The RIA profession is at an important crossroads. Some firms that were founded in the late 1980s and early 1990s have either evolved, or begun to evolve, their business practices to rely less on the “cult of personality” of the founders to win new business and run the operations of the firms. Significant progress toward the “enterprise value” equation has occurred over the last five years, in part due to necessity forced by the markets.
Now, more than ever in the last decade, many firms’ revenues appear to be not only back on track, but poised for record returns buoyed by favorable financial markets. For example, based on our 2012 Fidelity RIA Benchmarking Study, high performing firms grew revenue at 11% for the time period 2008-2011 based on compound annual growth rate. Further, this same cohort grew assets under management at 20%. On a related note, another recent study Fidelity conducted showed that strategic planning is one of the key priorities for RIA firm owners. In the consulting engagements that my group performs, we see that some firms across the profession are thinking about the future and are engaging in strategic planning. But for most firms, the words “strategic planning” remain just that—words.
Why engage in strategic planning in the first place? We believe that strategic planning is foundational to setting up goals and milestones for a firm’s growth and enduring enterprise value.
So often when beginning the dialogue with a firm around this topic, tactical questions emerge:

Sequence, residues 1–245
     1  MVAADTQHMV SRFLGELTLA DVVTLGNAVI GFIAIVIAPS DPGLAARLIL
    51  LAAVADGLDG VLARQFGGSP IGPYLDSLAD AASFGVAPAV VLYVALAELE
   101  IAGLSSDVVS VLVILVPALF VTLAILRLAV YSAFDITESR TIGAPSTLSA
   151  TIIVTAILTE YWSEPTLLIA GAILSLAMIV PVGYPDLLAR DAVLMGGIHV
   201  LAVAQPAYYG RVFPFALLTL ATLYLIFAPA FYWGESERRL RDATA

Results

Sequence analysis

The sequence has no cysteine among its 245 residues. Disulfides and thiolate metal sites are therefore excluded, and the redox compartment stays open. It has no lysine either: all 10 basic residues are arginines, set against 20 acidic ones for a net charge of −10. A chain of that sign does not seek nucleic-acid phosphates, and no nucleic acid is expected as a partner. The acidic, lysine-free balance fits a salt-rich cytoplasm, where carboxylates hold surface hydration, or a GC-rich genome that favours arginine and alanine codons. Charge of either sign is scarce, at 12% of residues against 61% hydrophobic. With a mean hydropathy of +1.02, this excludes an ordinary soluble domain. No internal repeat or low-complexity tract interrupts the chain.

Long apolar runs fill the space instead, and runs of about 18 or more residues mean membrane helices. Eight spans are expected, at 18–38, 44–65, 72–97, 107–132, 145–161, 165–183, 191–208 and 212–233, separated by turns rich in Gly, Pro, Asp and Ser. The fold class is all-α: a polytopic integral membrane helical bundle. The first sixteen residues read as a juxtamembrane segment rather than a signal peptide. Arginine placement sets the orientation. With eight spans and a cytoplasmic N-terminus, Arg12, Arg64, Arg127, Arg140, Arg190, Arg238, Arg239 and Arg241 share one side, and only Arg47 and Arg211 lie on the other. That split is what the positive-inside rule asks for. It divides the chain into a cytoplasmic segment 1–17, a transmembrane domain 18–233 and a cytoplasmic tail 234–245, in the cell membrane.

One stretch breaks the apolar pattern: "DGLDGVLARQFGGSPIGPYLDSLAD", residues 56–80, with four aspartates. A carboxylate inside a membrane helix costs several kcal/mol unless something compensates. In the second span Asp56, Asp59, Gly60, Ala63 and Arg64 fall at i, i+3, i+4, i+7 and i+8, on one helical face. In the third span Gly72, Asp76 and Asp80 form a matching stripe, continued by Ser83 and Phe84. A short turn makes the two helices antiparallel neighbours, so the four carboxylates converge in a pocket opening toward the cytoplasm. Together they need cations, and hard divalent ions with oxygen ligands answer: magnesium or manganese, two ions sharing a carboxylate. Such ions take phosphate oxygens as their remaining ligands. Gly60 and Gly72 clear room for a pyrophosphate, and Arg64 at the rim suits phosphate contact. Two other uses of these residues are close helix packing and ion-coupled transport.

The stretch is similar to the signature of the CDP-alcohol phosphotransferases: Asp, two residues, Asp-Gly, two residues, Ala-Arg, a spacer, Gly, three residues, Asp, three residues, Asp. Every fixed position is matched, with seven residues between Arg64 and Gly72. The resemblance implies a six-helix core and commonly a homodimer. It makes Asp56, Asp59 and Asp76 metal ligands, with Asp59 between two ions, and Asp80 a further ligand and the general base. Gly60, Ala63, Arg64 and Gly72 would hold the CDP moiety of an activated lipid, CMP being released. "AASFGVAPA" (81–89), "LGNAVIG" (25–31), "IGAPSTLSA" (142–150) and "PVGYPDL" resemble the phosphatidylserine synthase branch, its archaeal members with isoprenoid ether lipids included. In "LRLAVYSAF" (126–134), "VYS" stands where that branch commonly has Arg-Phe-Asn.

- Should I hire a business development officer to fuel growth?
- Should I expand equity participation within the firm to retain key employees?
- How will we fund an equity transition to junior partners?
- Should we invest in a CRM system to better serve existing clients and manage our prospect pipeline?
- Should we go “up market” to focus on small endowments and foundations?
These are just some of the questions we face when firms are considering their future through the lens of strategic planning.
Our Practice Management and Consulting team at Fidelity Institutional Wealth Services has spent a great deal of time considering strategic planning. In doing so, we’ve observed that some firms hit a wall in two main areas. First, they have trouble organizing their approach and so never get started. Second, for those firms that do craft a plan, in many instances they tend to take on too much and have problems executing the plan. As a result, the best laid “plans to plan” never get off the ground.
For firms that want to engage in strategic planning, but don’t know where to start, here is a simple framework that I refer to as The Four Pillars of Strategic Planning.
The Four Pillars